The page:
“To give him a pretext to purge the Navy, because it was the only organized force he didn’t control that might have opposed him,” Caparelli said thoughtfully.

“Oh, not just the Navy.” Givens’ eyes were grimmer than ever. “I mean, I think you’re absolutely right, but the Navy’s not all he’s purging. Our network in the People’s Republic’s taken a real hit out of all of this, mostly because of how focused we’d been on the Navy and—on the political side—the Legislaturalists, but we’re still getting some agent reports. They’ve always taken a while to get to us just because of the distances involved, and the delay in transit’s even greater since we started actually shooting at each other. But all the ones I’m seeing emphasize that Pierre’s going after all of the Legislaturalist families. He’s taking them all down, Tom, and indications are that he’s being one hell of a lot more ruthless about how he takes them down than they ever were about getting rid of their own opponents. I think we’re going to see a lot fewer ‘reeducation orders’ and a lot more death sentences. And a lot more anonymous ‘disappearances,’ too.”

“You think he’s going after them just to free his own hand? Or because he’s a genuine revolutionary reformer, like our good friend Countess New Kiev thinks?”

“I’m not sure ‘New Kiev’ and the verb ‘thinks’ belong in the same sentence,” Givens said bitterly. “In answer to your question, though, I know Pierre’s issuing statements in every direction—well, Ransom’s issuing them in his name, anyway—about how dedicated his new Committee is to ‘reforming the old system’s abuses’ and ‘putting an end to the militarism which has burdened the People for far too long.’ And, no, I can’t prove it, but just between you, me, and these four walls”—she raised both hands, gesturing at the spacious office’s walls—“he’s lying out his ass.”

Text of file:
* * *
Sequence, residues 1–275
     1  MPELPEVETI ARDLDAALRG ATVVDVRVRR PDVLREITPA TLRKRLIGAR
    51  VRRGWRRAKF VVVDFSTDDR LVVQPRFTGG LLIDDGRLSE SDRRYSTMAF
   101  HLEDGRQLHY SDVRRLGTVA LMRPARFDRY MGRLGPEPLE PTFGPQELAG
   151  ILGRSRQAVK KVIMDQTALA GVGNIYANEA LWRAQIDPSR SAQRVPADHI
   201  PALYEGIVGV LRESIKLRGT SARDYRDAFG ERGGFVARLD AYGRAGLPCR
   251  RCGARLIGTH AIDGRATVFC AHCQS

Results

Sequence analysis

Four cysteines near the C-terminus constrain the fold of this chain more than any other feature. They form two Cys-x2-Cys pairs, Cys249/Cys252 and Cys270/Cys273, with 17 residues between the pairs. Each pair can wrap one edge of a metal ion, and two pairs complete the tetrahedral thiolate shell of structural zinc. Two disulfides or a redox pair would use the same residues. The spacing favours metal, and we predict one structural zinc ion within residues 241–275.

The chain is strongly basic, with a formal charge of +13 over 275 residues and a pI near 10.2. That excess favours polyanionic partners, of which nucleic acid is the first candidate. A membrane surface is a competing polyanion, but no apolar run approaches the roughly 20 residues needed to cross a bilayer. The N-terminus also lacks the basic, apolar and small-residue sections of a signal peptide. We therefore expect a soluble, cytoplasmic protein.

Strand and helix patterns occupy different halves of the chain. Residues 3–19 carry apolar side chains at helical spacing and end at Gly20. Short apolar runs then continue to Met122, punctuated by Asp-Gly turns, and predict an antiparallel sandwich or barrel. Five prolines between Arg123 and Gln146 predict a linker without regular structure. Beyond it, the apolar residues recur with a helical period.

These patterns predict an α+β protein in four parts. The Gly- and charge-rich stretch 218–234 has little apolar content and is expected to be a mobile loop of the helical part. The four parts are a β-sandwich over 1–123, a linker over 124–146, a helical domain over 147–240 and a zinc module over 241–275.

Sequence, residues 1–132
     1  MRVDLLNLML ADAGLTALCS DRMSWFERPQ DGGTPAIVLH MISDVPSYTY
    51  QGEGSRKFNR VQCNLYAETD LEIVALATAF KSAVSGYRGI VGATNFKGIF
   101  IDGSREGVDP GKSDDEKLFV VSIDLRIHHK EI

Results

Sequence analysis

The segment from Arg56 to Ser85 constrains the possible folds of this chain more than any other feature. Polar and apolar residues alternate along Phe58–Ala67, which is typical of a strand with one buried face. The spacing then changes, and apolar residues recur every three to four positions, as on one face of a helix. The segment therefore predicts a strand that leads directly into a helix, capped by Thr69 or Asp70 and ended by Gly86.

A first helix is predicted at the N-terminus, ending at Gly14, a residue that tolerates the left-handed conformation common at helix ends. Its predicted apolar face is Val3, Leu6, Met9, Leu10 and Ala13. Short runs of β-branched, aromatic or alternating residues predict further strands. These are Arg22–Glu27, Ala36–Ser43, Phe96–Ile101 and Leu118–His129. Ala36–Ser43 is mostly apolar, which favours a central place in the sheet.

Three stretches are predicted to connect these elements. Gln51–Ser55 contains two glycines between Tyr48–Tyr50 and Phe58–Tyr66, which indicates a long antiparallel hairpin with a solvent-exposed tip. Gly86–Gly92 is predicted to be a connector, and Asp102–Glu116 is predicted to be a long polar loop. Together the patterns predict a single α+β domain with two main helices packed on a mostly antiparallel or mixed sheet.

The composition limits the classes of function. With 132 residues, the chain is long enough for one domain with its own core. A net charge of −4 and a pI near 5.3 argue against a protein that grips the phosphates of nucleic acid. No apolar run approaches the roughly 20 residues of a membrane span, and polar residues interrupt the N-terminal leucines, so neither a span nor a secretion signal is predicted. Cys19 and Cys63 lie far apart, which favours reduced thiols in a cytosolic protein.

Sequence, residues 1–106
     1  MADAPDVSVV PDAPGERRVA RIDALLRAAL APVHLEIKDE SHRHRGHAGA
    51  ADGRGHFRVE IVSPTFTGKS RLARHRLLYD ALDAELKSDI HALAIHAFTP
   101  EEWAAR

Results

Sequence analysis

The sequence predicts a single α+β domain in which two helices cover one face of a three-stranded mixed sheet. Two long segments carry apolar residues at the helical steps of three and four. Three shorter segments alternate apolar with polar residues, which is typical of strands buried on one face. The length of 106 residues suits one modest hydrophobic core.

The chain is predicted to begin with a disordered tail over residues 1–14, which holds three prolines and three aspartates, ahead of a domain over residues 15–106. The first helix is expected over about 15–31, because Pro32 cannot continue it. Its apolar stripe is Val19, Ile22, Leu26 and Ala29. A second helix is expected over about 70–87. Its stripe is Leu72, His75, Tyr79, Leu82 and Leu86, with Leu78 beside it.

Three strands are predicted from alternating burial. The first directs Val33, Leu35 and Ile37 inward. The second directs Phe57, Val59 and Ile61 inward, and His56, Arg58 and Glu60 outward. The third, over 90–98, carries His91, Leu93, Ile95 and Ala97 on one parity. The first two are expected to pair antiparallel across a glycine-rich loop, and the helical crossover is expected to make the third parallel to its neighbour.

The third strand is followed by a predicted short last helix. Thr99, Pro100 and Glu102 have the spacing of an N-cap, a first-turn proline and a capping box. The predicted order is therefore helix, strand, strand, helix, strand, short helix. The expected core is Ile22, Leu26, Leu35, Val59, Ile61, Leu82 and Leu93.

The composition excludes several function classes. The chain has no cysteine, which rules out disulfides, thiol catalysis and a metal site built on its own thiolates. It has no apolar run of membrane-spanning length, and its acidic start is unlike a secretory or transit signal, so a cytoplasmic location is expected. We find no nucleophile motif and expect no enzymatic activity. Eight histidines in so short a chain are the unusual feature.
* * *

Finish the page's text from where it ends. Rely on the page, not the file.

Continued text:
“Really? Why?” Caparelli asked. Her eyes widened with what might have been disbelief, and he waved his hands. “Didn’t say I disagreed. Just wondering if your logic matches mine, because New Kiev does have a point that he’s saying all the right things for a ‘true voice of reform.’”

“He is,” Givens acknowledged in a slightly grudging tone. “And, in fairness, I suppose what I should have said is that he’s lying his ass off if he truly thinks he can get away with that. Mind you, I don’t believe he is a true reformer, but that could be my biases speaking. I’m sort of programmed to distrust any official policy statement from a Peep. Having said that, though, I think, first, that he’s too much a captive of the old system because of his position in it. Second, from the sound of things, the only ‘reforms’ he’s going to be able to put in place with a hope in hell of their standing will have to be pretty damned draconian, which means the People’s Republic will only get more ruthless and despotic, not less. But third—and the one I think trumps every other consideration—is that pretty damned soon the Nouveau Paris mob is going to turn on him, now that it’s tasted blood, unless he can point it at someone else. Preferably an external someone else. Like us.” She shook her head, her eyes dark. “No matter how benign his motives may have been to start—mind, I don’t think they were, but let’s admit the possibility—sooner or later he’s going to need what every dictator needs: a foreign enemy.”

“That’s my own impression.” Caparelli pursed his lips. “On the other hand, there are those who might question my judgment in a case like this. One thing I’m not is a political analyst.”